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Do the Ten Commandments Have a Place in the New Testament Church?
Thought this was appropriate to pass along just before Thanksgiving. Hope no one would fall into this category but it is very funny.
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Daily Devotions - God is concerned about our actions Proverbs 5 20 And why wilt thou, my son, be ravished with a strange woman, and embrace the bosom of a stranger? 21 For the ways of man are before the eyes ...
Amazing Grace - Great Old Hymns for "Special Music" !! At Glenwood Baptist Church, we still sing the old hymns from the hymnals even for "special music! We hope you enjoy "Amazing Grace," sung by (left to right) ...
That Would Be Perfect-3.28.21 AM We usually have it all figured out in our head.... "if we could do that! That would be perfect!"...... sometimes Christians place too much emphasis on their idea of ...
Daily Devotions - The Facets of God's Character Proverbs 3 33 The curse of the Lord is in the house of the wicked: but he blesseth the habitation of the just. 34 Surely he scorneth the scorners: but he giveth ...
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Newly elected US Senator “Reverend” Warnock claims we can save ourselves through helping others—a repudiation of the gospel of grace.
WASHINGTON, D.C. -- The National Institutes of Health (NIH) today announced a policy to resume taxpayer funding for research using fetal tissue from aborted babies. This move overturns a historic policy put in place under President Donald Trump that halted all internal NIH research using aborted fetal tissue, and severely restricted outside fetal tissue research funded by taxpayers. This announcement goes so far as to disband a nonpartisan ethics advisory board that was tasked with reviewing proposals for research using fetal tissue from aborted babies....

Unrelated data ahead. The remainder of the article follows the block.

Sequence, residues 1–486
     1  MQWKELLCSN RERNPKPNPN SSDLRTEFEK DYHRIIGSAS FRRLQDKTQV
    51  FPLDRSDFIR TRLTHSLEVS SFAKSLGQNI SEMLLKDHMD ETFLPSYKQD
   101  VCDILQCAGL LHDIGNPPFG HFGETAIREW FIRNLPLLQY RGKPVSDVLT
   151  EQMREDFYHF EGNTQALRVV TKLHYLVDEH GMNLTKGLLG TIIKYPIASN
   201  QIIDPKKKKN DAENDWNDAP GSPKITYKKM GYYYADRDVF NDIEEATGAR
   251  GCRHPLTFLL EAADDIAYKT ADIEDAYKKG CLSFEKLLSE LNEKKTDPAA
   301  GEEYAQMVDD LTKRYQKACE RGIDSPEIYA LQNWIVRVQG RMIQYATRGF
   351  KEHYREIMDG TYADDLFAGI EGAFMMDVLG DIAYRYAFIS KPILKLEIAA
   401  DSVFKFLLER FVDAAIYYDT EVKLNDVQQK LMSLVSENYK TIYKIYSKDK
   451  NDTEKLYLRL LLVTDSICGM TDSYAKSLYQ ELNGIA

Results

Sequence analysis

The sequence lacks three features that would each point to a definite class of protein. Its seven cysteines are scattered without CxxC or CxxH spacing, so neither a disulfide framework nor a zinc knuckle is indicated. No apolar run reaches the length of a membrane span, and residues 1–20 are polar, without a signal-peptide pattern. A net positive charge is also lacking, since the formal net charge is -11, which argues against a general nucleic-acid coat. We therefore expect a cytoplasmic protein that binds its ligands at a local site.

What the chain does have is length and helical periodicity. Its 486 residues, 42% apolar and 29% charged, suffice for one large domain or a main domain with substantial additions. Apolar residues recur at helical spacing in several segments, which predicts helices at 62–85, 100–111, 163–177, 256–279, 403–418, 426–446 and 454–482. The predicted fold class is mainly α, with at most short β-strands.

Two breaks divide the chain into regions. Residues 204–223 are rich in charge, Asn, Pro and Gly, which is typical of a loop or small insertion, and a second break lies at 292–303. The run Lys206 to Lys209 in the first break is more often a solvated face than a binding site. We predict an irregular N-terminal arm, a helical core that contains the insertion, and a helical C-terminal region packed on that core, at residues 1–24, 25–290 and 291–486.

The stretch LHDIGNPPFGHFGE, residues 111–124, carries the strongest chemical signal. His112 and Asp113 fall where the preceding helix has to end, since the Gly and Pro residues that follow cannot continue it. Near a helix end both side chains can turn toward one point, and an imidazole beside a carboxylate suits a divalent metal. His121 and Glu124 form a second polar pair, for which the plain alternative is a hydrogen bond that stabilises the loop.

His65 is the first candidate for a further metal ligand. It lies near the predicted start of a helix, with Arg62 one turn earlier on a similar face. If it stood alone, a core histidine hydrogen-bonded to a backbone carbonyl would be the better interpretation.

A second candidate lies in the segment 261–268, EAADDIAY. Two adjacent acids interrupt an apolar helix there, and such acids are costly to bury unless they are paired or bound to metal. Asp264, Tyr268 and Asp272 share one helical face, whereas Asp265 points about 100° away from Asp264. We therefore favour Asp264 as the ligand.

Today's category: DeathThe Evil BrotheThe Evil Bro In a small town, there were two brothers who, over the course of many years, cheated, swindled, robbed and generally stole from everyone that they ever did business with. The entire town and surrounding community reviled and despised these two brothers as everyone was aware of just how disreputable and dishonest they were. One day, one of the brothers mysteriously died. Although they had never attended church, the one remaining brother went to the local pastor and offered vast sums of money if he would come to the funeral and say the appropriate words, AND, a large bonus, but ONLY if he would - during the course of the eulogy -refer to his brother as "a Saint." The pastor was troubled by the request, however, it was a very poor church and the church desperately needed repairs. The Parishioners had heard about the pastor's dilemma and were curious as to what he would do. The Funeral began, the church was packed, and the pastor started with the usual prayers and followed the rites and traditions as required by the churches teachings. In closing, after referring to the man in the box, he paused and turned to face the remaining brother. He began, "As you all know, the departed was an awful individual who robbed, cheated, swindled and stole from everyone he ever did business with. However, compared to his Brother, he was - "a Saint!"View hundreds more jokes online.Email this joke to a friend
Link: https://www.youtube.com/watchFormat: VideoTopic(s): Critical TheoryAuthor(s)/Speaker(s): Darrell B. HarrisonVirgil Walker
If we have to wear the villain label, we can at least wear it with calmness, confidence, and joy.Aclassic sketch by the British comedy duo Mitchell and Webb sees a pair of Nazi SS officers in the grip of an existential crisis.One says to the other: “Have you looked at our caps recently? … They’ve got skulls on them. Have you noticed that our caps have actually got little pictures of skulls on them?”Realization dawns: “Hans … are we the baddies?”Contemporary Western culture finds itself curiously split on the question of moral absolutes. On the one hand, in the golden age of prestige TV, we pride ourselves on the moral complexity of our stories: the flawed protagonist, the tortured hero, the sympathetic villain. Using the tools of psychology and sociology, we do our best to understand what has gone wrong for those who do wrong, and we accept (more or less) that we’re all damaged, striving people.On the other hand, we seem to define more rigidly every day the boundaries of what’s acceptable, in the process cheerfully consigning larger and larger swaths of our fellow citizens to that no man’s land beyond the cultural pale.Do we or do we not believe in goodies and baddies? How do we treat those we place in that second camp? And what happens when other people place us there?In his short and very readable book Being the Bad Guys: How to Live for Jesus in a World That Says You Shouldn’t, Australian pastor and blogger Stephen McAlpine sails into the contested waters of Christian cultural engagement with admirable calmness. It’s a delicate moment for discussions of this kind. Christians across the political and ecclesial spectrum probably would agree that the relationship between the church and the wider culture is currently rocky, but they would also ...Continue reading...
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